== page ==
El Chalten was our next destination, to visit Mt. Fitzroy. This was quite a touristy little town, full of all the things we humans love, wine, beer, burgers, coffees, Ice creams, waffles, it was a dream town of goodies! Of course we didn't hold our selves together and resist for the sake of the budget...we had two burger dinners, a dulche de leche smothered crepe, coffees and a rather strange oreo/cream/sugar concoction. We spent a day enjoying some of the smaller hikes around, before the big one, when we would wake up at 3am and hike in the dark, in order to catch a glimpse of Mt. Fitzroy, shining in the orange spotlight of the 6.30am sunrise.
On our way out of El Chalten, we encountered a lovely little area next to a waterfall and decided to get out and explore beyond the beaten track. We climbed up and over some huge boulders and we were delighted with what we found on the other side. An area where the locals could enjoy their beautiful surroundings without being disturbed by the annoying tourists (of course, we don't fall into that category). We found an amazing little series of rock pools which were just too enticing to resist! After a quick dash back to the truck for our towels and swimwear, we were in the water! and moments later we got the hell out of there! The water was freshly melted from a huge glacier on the mountain above us and it was beyond our imaginations limit of how cold water can be before it is ice. Ouch!
We pressed on to our next destination, Ushuia and Tierra del Fuego national park. Our first hike was an 18 mile coastal walk, with wonderfully easy terrain and so many different sites to see along the way, it was a very relaxing day. The wind here is unbelievable, which pushes the weather along so rapidly that we were in miserable, cold rain one moment and within 5 minutes we were stripping off our layers in the heat of the spring sunshine.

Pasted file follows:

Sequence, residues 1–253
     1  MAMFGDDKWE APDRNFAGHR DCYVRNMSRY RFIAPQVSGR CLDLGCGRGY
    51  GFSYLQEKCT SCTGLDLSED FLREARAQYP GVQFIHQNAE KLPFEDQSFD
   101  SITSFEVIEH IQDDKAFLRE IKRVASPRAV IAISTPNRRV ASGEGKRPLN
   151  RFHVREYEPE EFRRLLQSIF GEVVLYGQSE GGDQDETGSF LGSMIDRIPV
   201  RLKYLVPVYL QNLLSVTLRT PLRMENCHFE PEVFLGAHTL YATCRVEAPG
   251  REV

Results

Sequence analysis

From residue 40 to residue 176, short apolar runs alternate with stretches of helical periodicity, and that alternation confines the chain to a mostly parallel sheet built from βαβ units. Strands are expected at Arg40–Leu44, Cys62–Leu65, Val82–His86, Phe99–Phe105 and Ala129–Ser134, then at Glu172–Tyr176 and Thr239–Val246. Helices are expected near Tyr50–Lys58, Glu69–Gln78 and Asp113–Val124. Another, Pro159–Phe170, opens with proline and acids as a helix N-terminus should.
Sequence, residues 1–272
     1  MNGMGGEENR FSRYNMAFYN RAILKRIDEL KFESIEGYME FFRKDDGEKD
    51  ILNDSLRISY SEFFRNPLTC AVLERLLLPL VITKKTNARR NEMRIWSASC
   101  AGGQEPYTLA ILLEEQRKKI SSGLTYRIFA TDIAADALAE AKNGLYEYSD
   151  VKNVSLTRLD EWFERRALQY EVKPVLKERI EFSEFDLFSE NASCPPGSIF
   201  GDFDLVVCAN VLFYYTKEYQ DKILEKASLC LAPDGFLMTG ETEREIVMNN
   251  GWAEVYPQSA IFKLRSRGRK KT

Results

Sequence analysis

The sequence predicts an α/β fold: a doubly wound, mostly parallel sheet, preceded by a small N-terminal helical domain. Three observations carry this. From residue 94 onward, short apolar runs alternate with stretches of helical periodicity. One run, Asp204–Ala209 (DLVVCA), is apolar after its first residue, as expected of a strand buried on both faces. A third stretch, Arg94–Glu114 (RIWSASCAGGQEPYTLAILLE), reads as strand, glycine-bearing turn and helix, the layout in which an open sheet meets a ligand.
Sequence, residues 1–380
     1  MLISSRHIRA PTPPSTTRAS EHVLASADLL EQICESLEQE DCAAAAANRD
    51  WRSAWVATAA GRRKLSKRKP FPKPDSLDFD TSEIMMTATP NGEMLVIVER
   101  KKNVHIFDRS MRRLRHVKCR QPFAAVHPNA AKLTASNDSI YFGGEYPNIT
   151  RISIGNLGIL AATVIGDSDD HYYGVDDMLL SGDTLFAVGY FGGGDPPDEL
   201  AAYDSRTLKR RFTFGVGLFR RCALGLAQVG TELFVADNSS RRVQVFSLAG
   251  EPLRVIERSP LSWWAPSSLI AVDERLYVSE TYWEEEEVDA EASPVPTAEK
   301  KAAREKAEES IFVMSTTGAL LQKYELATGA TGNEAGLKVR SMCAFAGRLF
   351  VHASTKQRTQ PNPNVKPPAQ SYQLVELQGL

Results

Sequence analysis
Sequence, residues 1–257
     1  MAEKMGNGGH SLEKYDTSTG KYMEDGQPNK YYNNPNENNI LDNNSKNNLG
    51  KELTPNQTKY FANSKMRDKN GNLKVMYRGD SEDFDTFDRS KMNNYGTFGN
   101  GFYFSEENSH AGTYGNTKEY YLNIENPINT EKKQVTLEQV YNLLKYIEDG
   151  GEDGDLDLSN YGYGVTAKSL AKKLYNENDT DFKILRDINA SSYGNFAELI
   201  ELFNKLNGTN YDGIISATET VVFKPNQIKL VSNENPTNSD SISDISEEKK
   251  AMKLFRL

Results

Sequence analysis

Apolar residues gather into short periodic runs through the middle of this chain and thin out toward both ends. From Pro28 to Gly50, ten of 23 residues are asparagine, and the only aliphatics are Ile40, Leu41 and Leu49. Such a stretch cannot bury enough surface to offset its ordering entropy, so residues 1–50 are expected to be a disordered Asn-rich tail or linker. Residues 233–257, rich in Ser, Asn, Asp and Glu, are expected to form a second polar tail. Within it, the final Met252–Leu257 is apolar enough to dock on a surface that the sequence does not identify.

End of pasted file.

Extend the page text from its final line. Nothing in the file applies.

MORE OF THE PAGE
In the middle of the walk is a visitor centre and café where we stopped for a hot drink, to eat our sandwiches and rest our feet for a moment. Here, there is a small peaceful room full of information regarding the indigenous people of Tierra del Fuego, the Yaghan people. We loved the information regarding these people and their way of life and I'll leave you with the first words you see as you enter this area;
You are at the 'end of the world'. Mountains, sea and woods together form the landscape, wherein are stories that are told in shapes, colours and movement, even in feelings and absences.
To understand them it will be necessary for you to become and observer, attentive to all that surrounds you, big or small, near or far, alive or not,
because everything is intimately related. That is where you will find the answers to your questions.
The Yaghan people had a word for this way of looking at their world: Maia-Ku.
When that spirit of enquiry (Maia-Ku) germinates within you, you will feel more than 'at the end of the world', rather at the threshold of a new world ready to reveal its secrets.'